The political atmospherics surrounding Attorney General Kathleen Kane and Governor Tom Corbett drew the spotlight to the collapse last week of the scheme to outsource Pennsylvania's $3.5 billion state lottery to a British company.
It fell to General Kane, barely two months in office, to review the state's contract with London-based Camelot Global Services. She found the contract did not meet the measure of state stature or constitutional standards, which left the lottery under state employee management and the Camelot contract in a state of confusion.
While the particulars are not trivial and may be argued within the wonkish weeds of legal opinion and revenue policy, there is a big picture measure being missed in the Corbett administration's commitment to privatization.
It takes us back to the "you didn't build it" national divide so frequently chanted at separate party conventions last summer.
Free enterprise enthusiasts emphasize the industrious, risk-taking, pioneering entrepreneurs unleashed from crushing taxation and regulation. They emphasize individualism.
Those who see strength-through-unity emphasize economic progress as the offspring of a social contract that creates the context for individual success through public investment in transportation, education, well being and peace.
Both viewpoints properly borrow from each other. But they should not steal, which, regrettably, appears to be the Corbett administration's definition of privatization.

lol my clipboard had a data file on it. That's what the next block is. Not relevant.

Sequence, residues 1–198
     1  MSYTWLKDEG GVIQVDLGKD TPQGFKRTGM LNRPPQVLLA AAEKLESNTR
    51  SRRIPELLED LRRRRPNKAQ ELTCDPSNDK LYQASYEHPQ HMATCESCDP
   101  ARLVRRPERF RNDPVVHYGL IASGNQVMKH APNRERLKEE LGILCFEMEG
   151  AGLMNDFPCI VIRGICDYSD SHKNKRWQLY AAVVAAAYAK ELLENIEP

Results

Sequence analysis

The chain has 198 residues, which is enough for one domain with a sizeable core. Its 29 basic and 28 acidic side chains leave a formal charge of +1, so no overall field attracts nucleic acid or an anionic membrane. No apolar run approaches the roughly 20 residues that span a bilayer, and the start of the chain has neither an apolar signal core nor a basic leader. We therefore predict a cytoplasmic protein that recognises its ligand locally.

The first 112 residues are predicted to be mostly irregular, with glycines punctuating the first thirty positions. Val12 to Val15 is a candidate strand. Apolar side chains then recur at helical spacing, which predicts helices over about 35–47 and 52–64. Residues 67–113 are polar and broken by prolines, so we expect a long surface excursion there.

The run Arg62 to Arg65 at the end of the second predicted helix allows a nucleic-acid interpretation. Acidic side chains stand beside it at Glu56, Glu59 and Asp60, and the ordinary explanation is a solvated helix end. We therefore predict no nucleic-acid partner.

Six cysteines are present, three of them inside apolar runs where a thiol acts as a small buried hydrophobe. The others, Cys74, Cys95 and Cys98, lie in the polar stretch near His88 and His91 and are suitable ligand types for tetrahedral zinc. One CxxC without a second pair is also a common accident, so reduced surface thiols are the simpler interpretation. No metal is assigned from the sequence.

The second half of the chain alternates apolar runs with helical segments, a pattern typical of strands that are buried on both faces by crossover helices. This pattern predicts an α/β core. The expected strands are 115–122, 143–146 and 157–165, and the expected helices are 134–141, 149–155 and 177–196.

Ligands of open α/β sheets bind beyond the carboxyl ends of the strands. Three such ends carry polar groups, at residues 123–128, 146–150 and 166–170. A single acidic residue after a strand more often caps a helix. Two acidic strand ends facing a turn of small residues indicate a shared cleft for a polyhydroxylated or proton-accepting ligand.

The governor's policies bend toward the sale or outsourcing to private ownership and management such revenue-generating assets as the state liquor store monopoly and the state-run lottery system and market-capture opportunities that result from compulsory public education.
The very reason these enterprises are attractive to the private investment is that they are state-enforced opportunities. They are brands, markets and value created by laws, regulations and capital extracted and invested under threat of imprisonment.
What startup company would not succeed if armed with the tax-free, regulation-exempt power to separate the world between investors and inmates? There is no genius in that.
When the public acceded to or embraced these public services for the greater good, that bargain came with the promise of responsible management and accountable ownership. That was the contract.
A temporary occupant of the executive office should neither have nor believe he or she has the authority to auction away Pennsylvania's public property without the expressed consent of the owners -- in this case, the voters through their elected representatives.
To do otherwise is to confuse privatization with plunder.